It all started with one soldier and an angel.
In 2003, Staff Sergeant Brandon Varn was on deployment in Iraq. His mom, Patti Patton-Bader, would send him care packages often. Coming from a long line of military men going back to General Patton, Patton-Bader had the utmost respect for servicemen (and, of course, a loving mother’s instincts). When Varn informed his mother that he was one of the few soldiers receiving care packages, she decided she had to do something about it.
“Patti gathered some friends and neighbors and they began sending packages to his whole platoon,” said Michelle Julazadeh Chavarin, Marketing and Communications Director of Soldiers’ Angels.
As more and more requests came for care packages, Patton-Bader’s operation slowly morphed into the Soldiers’ Angels we know today.
A system was built that matched the needs of soldiers to people back home who wanted to send care packages. They had skills like quilt making, baking or letter writing, but most importantly — they had the desire to help our troops.
“Within just a few months, Soldiers’ Angels went from a dedicated mother sending a few extra care packages and letters, to an internet community with thousands of Angels worldwide,” Chavarin said.
“May No Soldier Go Unloved”
Now, Soldiers’ Angels offers a wide variety of services. They’re geared toward deployed troops, military families, wounded heroes and veterans of all eras.
Boots-on-the-ground programs help disadvantaged veterans in cities across the nation, and their virtual teams use skills like baking, sewing and letter writing to fulfill the duty that their organization began with. Additionally, as one of the few nonprofits with a voting seat on the VA National Advisory Council, Soldiers’ Angels volunteers are scattered throughout more than 35 VA Hospitals.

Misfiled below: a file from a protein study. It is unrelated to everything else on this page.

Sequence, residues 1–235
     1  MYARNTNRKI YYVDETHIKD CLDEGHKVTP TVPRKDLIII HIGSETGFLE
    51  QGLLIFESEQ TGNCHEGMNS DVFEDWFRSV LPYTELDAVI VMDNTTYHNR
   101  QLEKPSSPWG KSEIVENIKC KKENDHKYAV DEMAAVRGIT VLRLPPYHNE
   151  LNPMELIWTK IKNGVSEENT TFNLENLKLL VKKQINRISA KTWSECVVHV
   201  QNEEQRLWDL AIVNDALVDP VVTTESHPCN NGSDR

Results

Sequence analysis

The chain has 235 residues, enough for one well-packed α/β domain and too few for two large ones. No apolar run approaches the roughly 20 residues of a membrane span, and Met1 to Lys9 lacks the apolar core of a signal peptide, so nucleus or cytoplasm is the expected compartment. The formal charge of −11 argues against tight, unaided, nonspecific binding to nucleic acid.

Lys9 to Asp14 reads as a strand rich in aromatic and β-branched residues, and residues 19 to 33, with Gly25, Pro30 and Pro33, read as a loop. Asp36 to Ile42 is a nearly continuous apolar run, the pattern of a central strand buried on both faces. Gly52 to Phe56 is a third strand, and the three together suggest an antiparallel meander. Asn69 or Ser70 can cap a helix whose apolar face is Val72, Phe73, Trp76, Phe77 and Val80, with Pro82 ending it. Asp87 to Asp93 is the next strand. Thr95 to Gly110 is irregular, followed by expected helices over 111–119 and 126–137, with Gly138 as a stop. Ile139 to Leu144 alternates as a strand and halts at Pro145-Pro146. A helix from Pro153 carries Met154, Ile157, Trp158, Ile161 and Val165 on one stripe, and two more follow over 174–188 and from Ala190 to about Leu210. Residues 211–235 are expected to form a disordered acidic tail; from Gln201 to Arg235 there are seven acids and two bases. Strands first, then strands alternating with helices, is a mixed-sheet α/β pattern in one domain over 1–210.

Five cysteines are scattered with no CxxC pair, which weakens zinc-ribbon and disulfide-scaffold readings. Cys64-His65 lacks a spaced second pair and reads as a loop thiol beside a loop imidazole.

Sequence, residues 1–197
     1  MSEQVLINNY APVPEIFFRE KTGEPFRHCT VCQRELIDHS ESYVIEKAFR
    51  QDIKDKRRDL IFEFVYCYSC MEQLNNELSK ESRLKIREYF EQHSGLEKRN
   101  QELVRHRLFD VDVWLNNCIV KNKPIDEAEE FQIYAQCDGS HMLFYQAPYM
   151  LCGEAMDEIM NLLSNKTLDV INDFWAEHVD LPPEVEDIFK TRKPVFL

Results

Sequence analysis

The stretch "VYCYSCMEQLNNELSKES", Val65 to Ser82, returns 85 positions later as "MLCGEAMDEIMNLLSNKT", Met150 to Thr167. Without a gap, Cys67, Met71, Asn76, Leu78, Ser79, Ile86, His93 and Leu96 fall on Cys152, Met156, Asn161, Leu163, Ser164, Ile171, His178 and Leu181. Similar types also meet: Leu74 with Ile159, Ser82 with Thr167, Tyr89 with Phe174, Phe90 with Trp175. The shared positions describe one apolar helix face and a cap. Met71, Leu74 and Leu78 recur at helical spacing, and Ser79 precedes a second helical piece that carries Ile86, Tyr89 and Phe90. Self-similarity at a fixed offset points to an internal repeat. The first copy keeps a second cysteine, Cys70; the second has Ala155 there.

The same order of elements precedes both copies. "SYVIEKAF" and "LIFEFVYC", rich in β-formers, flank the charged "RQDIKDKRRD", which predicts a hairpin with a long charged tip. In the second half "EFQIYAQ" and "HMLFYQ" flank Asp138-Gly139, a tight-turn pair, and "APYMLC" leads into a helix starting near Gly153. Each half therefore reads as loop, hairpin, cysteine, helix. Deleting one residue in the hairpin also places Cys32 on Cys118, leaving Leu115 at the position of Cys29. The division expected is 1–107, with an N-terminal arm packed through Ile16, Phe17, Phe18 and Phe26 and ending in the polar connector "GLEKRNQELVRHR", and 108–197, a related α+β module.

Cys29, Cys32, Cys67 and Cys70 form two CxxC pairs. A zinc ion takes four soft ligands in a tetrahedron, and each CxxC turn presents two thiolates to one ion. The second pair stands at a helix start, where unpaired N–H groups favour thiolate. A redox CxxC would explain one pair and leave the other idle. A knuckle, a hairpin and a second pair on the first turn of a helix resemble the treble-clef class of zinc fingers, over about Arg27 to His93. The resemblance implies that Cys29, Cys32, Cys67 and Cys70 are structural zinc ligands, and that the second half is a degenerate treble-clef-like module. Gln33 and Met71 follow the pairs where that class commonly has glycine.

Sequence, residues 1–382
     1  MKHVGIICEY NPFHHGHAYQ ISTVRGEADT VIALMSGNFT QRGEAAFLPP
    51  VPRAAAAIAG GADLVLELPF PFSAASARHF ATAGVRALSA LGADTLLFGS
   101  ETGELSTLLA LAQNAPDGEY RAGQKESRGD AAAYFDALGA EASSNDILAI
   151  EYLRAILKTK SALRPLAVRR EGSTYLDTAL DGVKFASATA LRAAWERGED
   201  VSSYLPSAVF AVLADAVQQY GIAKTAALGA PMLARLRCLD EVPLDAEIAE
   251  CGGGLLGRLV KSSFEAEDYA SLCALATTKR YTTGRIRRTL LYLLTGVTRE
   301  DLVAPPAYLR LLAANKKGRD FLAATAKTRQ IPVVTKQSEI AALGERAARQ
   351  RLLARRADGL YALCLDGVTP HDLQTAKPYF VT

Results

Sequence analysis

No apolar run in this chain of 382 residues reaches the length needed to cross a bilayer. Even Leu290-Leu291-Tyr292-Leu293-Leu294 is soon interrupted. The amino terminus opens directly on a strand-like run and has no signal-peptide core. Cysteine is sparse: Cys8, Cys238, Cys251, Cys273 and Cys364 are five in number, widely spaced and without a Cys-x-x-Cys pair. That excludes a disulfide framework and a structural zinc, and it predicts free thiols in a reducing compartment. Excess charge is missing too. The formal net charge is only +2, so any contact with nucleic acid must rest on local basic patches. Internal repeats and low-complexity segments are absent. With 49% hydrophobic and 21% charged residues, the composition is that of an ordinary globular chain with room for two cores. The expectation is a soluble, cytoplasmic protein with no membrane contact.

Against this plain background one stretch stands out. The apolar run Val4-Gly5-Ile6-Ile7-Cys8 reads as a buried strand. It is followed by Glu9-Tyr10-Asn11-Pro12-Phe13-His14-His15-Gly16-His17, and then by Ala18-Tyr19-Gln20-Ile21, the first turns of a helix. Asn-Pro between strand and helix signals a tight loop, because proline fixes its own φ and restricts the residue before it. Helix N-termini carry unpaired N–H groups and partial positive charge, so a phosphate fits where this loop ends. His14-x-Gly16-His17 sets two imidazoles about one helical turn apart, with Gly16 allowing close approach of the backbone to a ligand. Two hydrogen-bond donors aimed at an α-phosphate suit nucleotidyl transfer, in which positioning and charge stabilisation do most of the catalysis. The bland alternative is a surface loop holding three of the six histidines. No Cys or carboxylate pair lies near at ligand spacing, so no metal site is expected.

One of the goals of Soldiers’ Angels is to show gratitude for our service members by assisting their families on the holidays.
“Military and veteran families usually live on a very tight budget, so putting together a Christmas or other winter holiday celebration can be a real challenge for some of them,” Chavarin stated.
The Adopt-A-Family program is made possible by individuals or businesses who want to make the holidays special for a military family. They can “adopt” a family, and become responsible for providing gifts for the children, and a grocery gift card for their holiday meal.
The cost of participating in this program varies based on family size. Gifts for the children generally range from $35 to $50, and the grocery gift card ranges from $50 to $100. Because this can be a large financial commitment, Soldiers’ Angels has created a GoFundMe campaign for any families that may not have been adopted.
“The impact on our military and veteran families is huge,” Chavarin remarked. “Many of them have trouble just putting food on the table, so the stress of providing gifts for their children during the holidays can be very overwhelming.”
In 2017, over 1,220 families were supported through the Adopt-A-Family program.
This included 3,218 children. With all that military families endure while their service member protects our country, a great way to give back is to make their holidays something worth celebrating.
With focus and dedication over the past 15 years, Soldiers’ Angels has grown into an organization that influences the lives of millions of service members, veterans and families each year. They have certainly lived up to their trademarked vision:
“May No Soldier Go Unloved,
May No Soldier Walk Alone,
May No Solder Be Forgotten,
Until They All Come Home.”
To contribute to the mission of Soldiers’ Angels, donate at: https://soldiersangels.org/donate.html
You can find volunteer opportunities here: https://soldiersangels.org/volunteer-opportunities.html